National Center for Technology Innovation
 

Case Studies

Get a behind the scenes look at successful partnerships in technology research and development. Find tips and advice on making collaboration work.

AAC for Youth with Visual Impairments: An Innovation Story

2010 Tech in the Works award winners examined the “Efficacy of the GoTalk Express 32 for Increasing Communication” with an often overlooked population of students who are blind with multiple disabilities. Explore the multiple lessons learned from this case study that are relevant for researchers and engineers who are working together.

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Pic-A-Word Transforms the iPad with AAC

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How can the iPad support communication for children with disabilities? Find out how in the case story and final report of this 2010 Tech in the Works team.

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WebAnywhere: A Screen-Reader In The Cloud

What if assistive technology lived in the cloud? Winners of this NCTI Tech in the Works award created WebAnywhere to allow both the assistive technology and preferences to follow the user, called up as needed. See the design recommendations from Bigham and IBM Labs.

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Seeing the Possibilities with Video Phone Technology

Winners of the NCTI Tech in the Works award shattered assumptions with a social network and videophones for teenagers diagnosed as deaf-blind. One student commented, “Now I talk all weekend!”

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Early Math Concepts

Winners of the NCTI Tech in the Works award teamed up to deliver UDL math instruction. Find out how smart software, accessible input devices, and collaborative colleagues can make a difference for mainstreamed children with disabilities.

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On-Screen Speaking Calculator Improves Access to Higher Math

This assistive technology research team knew that a speech-interactive calculator would fill a need for students who are blind or have low vision. Find out how this 2008 NCTI Technology in the Works award-winning team created the VISO Calculator.

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Fraction Sense Software Assists Math Students

Fraction Sense creates an effective learning approach for children and their teachers. This 2008 NCTI Technology in the Works award shows how collaborative research can overcome implementation challenges.

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Teaching Children with Autism Through Technology

TeachTown Basics offers a way to deliver and coordinate therapeutic services to children with autism in a fun, interactive interface. This 2008 NCTI Tech in the Works award shows how collaborative research can sustain a challenging study in one of the nation’s most diverse school districts, Los Angeles Unified.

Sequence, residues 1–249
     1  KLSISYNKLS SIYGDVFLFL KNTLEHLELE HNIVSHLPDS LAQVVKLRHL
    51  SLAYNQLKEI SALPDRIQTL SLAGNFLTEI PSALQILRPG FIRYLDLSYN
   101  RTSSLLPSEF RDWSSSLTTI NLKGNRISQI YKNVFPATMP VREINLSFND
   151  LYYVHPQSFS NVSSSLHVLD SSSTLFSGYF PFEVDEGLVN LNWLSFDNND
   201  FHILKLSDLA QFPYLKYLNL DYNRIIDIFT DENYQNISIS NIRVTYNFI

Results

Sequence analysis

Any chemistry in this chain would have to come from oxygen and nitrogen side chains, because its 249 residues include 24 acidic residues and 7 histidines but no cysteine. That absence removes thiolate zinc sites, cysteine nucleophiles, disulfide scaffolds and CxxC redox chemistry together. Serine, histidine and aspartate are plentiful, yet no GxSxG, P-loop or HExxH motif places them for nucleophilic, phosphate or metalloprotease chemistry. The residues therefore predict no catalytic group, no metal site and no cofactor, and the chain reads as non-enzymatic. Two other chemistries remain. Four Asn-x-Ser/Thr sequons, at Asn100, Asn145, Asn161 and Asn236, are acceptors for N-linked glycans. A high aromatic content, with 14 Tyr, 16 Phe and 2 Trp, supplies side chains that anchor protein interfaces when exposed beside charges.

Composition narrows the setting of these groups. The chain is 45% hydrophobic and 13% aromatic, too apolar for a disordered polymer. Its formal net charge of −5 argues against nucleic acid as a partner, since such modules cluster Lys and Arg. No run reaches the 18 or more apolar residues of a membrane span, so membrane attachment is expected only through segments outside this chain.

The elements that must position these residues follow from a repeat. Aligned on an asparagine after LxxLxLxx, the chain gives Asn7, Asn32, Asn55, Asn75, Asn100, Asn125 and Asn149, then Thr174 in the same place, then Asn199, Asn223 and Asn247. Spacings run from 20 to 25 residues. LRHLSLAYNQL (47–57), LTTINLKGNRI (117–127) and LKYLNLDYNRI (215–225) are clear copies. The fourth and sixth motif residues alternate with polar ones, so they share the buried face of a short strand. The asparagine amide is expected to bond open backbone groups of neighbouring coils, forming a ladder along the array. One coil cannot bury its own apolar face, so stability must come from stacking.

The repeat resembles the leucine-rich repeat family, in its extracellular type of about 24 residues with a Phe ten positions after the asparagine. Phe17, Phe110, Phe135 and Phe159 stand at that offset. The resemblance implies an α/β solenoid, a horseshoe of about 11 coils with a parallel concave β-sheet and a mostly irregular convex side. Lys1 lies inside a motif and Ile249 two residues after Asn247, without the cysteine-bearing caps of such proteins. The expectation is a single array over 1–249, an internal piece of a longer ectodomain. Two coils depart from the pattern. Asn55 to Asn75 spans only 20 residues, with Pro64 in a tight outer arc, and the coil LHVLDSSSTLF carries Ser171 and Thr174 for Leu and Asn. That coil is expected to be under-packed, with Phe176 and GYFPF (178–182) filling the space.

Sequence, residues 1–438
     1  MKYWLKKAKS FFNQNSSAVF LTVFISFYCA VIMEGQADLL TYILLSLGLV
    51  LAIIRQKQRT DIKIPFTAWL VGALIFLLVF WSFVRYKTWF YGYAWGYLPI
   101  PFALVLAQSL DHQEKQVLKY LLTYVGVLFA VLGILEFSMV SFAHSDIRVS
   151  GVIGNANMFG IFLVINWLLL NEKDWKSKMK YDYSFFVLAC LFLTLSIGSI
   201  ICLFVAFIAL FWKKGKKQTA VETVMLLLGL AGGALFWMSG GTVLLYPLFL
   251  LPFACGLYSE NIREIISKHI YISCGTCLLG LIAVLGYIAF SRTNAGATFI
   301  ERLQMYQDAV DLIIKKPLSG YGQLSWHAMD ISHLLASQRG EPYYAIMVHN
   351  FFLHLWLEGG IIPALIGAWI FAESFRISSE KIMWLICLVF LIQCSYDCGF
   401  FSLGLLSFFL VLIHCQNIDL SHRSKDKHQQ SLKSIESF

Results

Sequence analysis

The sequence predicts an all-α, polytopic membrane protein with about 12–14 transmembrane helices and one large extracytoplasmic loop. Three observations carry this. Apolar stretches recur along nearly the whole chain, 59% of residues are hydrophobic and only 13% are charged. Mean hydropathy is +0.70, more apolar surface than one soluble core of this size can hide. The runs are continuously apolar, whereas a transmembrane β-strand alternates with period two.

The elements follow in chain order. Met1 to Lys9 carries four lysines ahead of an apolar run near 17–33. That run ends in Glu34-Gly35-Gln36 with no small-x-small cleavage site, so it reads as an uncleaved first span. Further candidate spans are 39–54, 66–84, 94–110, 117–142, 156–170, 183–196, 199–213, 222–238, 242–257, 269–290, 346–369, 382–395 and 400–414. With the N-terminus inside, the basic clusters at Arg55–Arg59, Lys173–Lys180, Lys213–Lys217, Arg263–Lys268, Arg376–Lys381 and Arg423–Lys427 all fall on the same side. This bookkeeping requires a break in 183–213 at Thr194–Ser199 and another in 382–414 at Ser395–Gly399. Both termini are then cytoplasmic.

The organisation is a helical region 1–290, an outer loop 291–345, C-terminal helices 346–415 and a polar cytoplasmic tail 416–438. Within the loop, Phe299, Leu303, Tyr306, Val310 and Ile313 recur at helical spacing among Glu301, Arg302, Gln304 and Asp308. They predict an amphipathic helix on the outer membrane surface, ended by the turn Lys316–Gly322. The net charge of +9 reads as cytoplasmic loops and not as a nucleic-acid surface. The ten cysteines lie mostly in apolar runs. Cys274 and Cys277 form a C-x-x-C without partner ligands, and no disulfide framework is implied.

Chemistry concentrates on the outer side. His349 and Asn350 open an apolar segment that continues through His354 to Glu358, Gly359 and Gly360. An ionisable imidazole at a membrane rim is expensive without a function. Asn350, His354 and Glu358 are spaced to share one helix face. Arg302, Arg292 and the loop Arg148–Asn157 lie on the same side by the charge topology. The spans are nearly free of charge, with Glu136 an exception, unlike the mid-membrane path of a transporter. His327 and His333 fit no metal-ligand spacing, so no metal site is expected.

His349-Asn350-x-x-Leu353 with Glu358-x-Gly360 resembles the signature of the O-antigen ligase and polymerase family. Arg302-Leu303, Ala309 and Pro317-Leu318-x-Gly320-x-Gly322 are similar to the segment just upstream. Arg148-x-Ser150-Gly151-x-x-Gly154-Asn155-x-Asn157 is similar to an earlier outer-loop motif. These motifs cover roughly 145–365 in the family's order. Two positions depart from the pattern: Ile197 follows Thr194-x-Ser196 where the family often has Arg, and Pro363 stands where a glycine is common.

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Innovators Win 2009 NCTI Assistive Technology Awards!

Exceptional teams of researchers and vendors have been selected for funding from NCTI to examine the impact of innovative assistive technologies for students with special needs. This year’s winning teams represent a wide spectrum of research interests and approaches.

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Instant Messaging for AAC Users: Cool Heads and Collegiality Promote Assistive Technology Innovation

What happens when you turn AAC platforms into instant messaging devices? These 2008 Tech in the Works winners found unexpected discoveries such as the critical need for chat specific vocabularies.

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SMART BrainGames: Learning from Neurofeedback in Video Games

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Report Cover Recognizing the potential of neurofeedback as a tool for understanding the special symptoms of attention-related disabilities, SMART Braingames uses the latest neurofeedback technology advancements paired with a video game interface.

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The Art of Collaboration Using Emotional Intelligence (E.I.): What Does Trust Mean?

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This research team shares keen insights into the importance of mutual trust to ensuring a productive collaboration. This team of emotionally and socially gifted professionals articulates what it means to build trust among new colleagues.

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Documenting the Impact of Project SOLO on Writing Outcomes

Researchers at the SEAT Center at Illinois State University, together with Don Johnston, Inc. and a 6-county coalition of special education programs, investigated the outcomes for students with learning and academic disabilities when tech-savvy teachers were given professional development and access to SOLO®, Don Johnston’s new state-of-the-art software.

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IntelliTools: Asking the Right Question

IntelliTools, Inc., represented by Arjan Khalsa and Ed Murphy, and David Chard pose a key question that no one has attempted to answer for students with physical disabilities: “How can software accurately detect mathematical automaticity?”

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Project SOLO Leads to Unexpected Discoveries

Karen Erickson at the University of North Carolina’s Center for Literacy & Disability Studies with Don Johnston Inc.’s President Ruth Ziolkowski and Product Manager Ben Johnston proposed a Tech in the Works project to research the benefits of Don Johnston’s SOLO software. The modest project took off—with surprises from subject recruitment through data analysis.